This project has been in planning for over 3 years. That puts it before the current run up in gasoline prices and before huricanes Katrina/Rita.

    Large capital projects take a long time to plan and execute. I am working on one in the early stages (FEL-1) that won’t come on line until 2014. Port Arthur won’t be the first or last large refinery expansion that gets approved. But it will take some time.

  3. Possible flaws in this study:

    1. Their ag-related N20 contribution is 3-5x higher than the official IPCC rate. Without this much higher rate their conclusions fall apart. Their justification for the higher rate is weak, IMHO.

    2. They have corn using 2.1 lb of nitrogen fertilizer per bushel. Actual application rates are about half that. I didn’t do the math for other crop types.

    3. Except for biofuel N2O they exclude all “upstream” GHGs (e.g. CO2 for ethanol distillation). I suspect this tends to favor ethanol and gasoline at the expense of biodiesel, but it’s really a total mish-mash.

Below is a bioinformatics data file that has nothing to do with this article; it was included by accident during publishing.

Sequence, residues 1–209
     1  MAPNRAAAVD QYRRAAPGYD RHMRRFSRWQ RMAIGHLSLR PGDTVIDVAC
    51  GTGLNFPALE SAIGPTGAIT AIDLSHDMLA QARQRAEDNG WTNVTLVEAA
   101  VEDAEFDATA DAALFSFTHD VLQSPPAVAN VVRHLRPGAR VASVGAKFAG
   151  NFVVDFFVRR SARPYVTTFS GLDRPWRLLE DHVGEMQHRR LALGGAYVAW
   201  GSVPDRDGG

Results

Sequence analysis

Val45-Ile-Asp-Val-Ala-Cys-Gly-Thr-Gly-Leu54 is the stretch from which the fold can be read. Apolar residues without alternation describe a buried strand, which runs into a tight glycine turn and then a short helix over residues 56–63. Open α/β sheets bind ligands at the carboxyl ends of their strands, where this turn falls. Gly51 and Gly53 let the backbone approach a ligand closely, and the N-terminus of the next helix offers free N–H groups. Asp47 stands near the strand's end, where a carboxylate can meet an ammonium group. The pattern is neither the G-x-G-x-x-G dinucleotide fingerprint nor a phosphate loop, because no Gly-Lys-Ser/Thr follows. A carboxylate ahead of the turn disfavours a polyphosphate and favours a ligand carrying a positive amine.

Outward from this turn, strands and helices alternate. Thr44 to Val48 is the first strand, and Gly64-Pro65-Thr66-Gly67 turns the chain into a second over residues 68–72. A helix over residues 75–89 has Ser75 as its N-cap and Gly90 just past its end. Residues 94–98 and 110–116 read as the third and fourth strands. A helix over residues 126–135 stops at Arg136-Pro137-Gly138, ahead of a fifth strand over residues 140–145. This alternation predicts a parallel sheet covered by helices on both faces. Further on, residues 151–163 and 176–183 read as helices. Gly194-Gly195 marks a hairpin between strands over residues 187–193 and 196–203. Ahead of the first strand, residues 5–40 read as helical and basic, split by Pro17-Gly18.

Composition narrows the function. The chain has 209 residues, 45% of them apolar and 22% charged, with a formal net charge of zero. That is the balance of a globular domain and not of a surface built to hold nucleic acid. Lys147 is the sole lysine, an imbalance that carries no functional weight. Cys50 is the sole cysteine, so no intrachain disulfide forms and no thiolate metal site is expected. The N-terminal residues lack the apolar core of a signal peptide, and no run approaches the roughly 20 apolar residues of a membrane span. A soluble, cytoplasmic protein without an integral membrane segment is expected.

I think the general conclusion is directionally correct, but the study itself is something of a disaster. The ethanuts shouldn’t have any trouble shooting it down. IMHO you should show much more skepticism of such studies — parroting them without question only undermines your own credibility.

  4. The constraints against ethanol keep stacking up — land, water, energy requirements, food prices, infrastructure — but the mainstream environmental lobby & the farm lobby continue to avoid facing them.

    Ironically, the far “left” of the green movement is already strongly anti-biofuel. There are discussions now in the EU to mandate that biofuels used to meet its renewable goals be “sustainable” — and may even require them to come from within the EU.

    If we think water availability is an issue in the United States, how do you think China and Japan are ever going to convert over to biofuels? Globally, we are running out of water without diverting it to ethanol production.

    China and Australia will be using nuclear desalinization within 10-20 years just to provide water to their people, farmers and industry.